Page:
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TABLE II: GAP 5 GUEST EXPECTATIONS AND ACTUAL PERCEPTIONS Mean of guests expectations Mean of guests actual perceptions Difference 4.08 4.26 +0.18 4.89 4.40 -0.49 4.59 4.32 -0.27 4.52 4.58 +0.06 4.30 4.16 -0.14 (Source: Primary data) It is clear from Table II that, hotel guests are satisfied in terms of tangibles and assurance. In terms of reliability, responsiveness, and empathy guests perceptions of service quality does not exceed their expectations, which is an indicator of dissatisfaction. The difference in mean is large for reliability (-0.49) and for responsiveness (-0.27). The difference in mean is relatively low in the case of empathy (-0.14). Managers have to understand those guests needs and expectations can vary extensively. Any differences between guests expectations and the organizations perception of guests expectations of quality are important to identify and determine the level and quality of service provided. (Lesley Douglas, Robert Connor, 2003). The results of this study show that there is a gap between managers perception of guests expectations and guests expectations (Gap 1). This is in contrast to the work of Salah and Ryan (1991) who found that for all of the dimensions; managers overestimated consumers expectations, placing the dimensions in a similar order. The current study found that managers underestimated guests expectations for three of the five dimensions, and also placed them in a different order of importance (Table 1). Guests rated tangibles as the least important attribute in their expectations of service quality. Because guest might have felt that tangible should be naturally present in the hotel. Absence of the tangible element or below the expected level may dissatisfy the guest. This would be in line with Maslows theory that people satisfy their basic physiological needs before moving on to the higher order needs (Mullins, 1998). Managers perceptions of guests expectations of service quality placed tangibles as being most important. Managers have to understand that guest assess their experience on individual components, therefore managers have to give importance to all the attributes. The results indicate the significant differences between the managers and guests rating of the dimensions of reliability and responsiveness. Guests rate these dimensions higher because the reputation of the hotel and the temperament of staff in rendering good quality service. Managers need to be kind and compassionate enough to understand the guests expectations and comfort stay in their hotels. So by referring to the gap model a hotel manager must lessen customer gap (Gap 5). Feature Tangibles Reliability Responsiveness Assurance Empathy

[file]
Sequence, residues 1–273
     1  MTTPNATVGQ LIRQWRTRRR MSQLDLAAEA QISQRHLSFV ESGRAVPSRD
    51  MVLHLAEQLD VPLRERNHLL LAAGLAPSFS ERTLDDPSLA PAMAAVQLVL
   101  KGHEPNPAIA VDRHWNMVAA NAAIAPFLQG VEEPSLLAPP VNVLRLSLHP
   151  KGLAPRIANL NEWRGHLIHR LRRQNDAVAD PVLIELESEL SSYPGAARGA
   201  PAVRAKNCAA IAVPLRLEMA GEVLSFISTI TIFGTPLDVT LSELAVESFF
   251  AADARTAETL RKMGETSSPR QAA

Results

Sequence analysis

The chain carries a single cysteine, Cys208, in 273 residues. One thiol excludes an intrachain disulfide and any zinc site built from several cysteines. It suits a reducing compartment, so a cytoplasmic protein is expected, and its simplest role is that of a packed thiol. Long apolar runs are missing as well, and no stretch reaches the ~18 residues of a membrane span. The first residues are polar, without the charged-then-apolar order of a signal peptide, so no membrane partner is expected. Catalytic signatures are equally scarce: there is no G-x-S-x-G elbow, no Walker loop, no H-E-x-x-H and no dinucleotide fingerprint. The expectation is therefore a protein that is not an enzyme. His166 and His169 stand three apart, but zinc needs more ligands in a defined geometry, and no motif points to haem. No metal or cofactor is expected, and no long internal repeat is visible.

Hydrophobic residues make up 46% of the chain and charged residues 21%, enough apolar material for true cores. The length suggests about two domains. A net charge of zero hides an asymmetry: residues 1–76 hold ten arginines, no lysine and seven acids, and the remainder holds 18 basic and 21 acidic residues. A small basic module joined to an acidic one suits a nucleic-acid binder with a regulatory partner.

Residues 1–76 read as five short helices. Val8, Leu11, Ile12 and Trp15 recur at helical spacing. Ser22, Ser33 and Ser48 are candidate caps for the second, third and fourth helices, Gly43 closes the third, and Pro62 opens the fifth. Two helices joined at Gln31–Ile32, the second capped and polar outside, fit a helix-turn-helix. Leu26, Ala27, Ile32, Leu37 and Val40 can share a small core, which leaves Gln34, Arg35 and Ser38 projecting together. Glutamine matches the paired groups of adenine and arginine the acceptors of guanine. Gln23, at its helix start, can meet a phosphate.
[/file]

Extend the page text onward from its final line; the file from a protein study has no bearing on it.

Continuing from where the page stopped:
CONCLUSION
The findings of the study suggest that guests stayed in the hotels view reliability as the most important satisfactory attribute. In order to ensure the reliability, managers of these hotels have to keep up their promises (as spelt out in the communication- promotion). This will even the guests and enhance their credibility. In order to reduce the gap to satisfy the guests, managers have to conduct survey at least two to three times in a year. The main aspect of providing quality service is to meet the consumers (guests) expectations and thereby making the consumer (guest) feel that they can influence the service. In general satisfied guests may disseminate positive word of mouth and thereby act as an unpaid brand ambassador. Hotel managers may adopt different ways (for example mystery shopping) to monitor and understand the needs of their guests.

REFERENCES
Berry, L.L and Parasuraman, A. (1991), Marketing services; Competing Through Quality, The Free press, Newyork, NY. Christopher Lovelock, Jochen Wirtz, Jayanta Chatterjee.(2006), Marketing of services, People, Technology, Strategy,Pearson education,P393. David A. Garvin, Managing Quality, The free press, New York, 1988. Hadyn Ingram, George Daskalakis (1999), Measuring quality gaps in hotels: the case of Crete, International journal of Contemporary Hospitality Management, Volume 11 No.1, pp.24-30. Lesley Douglas, Robert Connor (2003), Attitude to service quality the expectation gap, Nutrition and Food Science, Vol 33 No. 4, pp.165-172. Maslow, A. (1954), Motivation and personality, Harper, New York, NY, Mullins, L.J. (1998), Managing People in the Hospitality Industry, Longman, Harlow Nightingale, M. (1985), The hospitality industry: defining quality for a quality assurance program- a study of perceptions, The Service Industries Journal, Vol.5 No.1,pp.9-22. Olive Gabbie and Martin A. ONeill, SERVQUAL and the Northern Ireland hotel sector: a comparative analysis part 2 Managing Service Quality Volume 7 Number 1 1997 pp. 4349 MCB University Press ISSN 0960-4529 Pitt, L.F., Watson R.T and Kavan C.B. (1997), Measuring Information systems service quality: concerns for a complete canvas, MIS quarterly, Vol.21, No.2. pp.209- 21 Saleh, F.and Ryan C. (1991), Analyzing service quality in the hospitality industry using the SERVQUAL model, The Service Industries Journal, Vol.11 No.3,pp.32443 Zeithaml, V.A., Parasuraman, A. and Berry. L.L. (1990), Delivering Quality Service: Balancing Consumer Perceptions and Expectations, The Free Press, New York, NY. WEBSITE http://en.wikipedia.org/wiki/Thanjavur http://en.wikipedia.org/wiki/Tiruchirappalli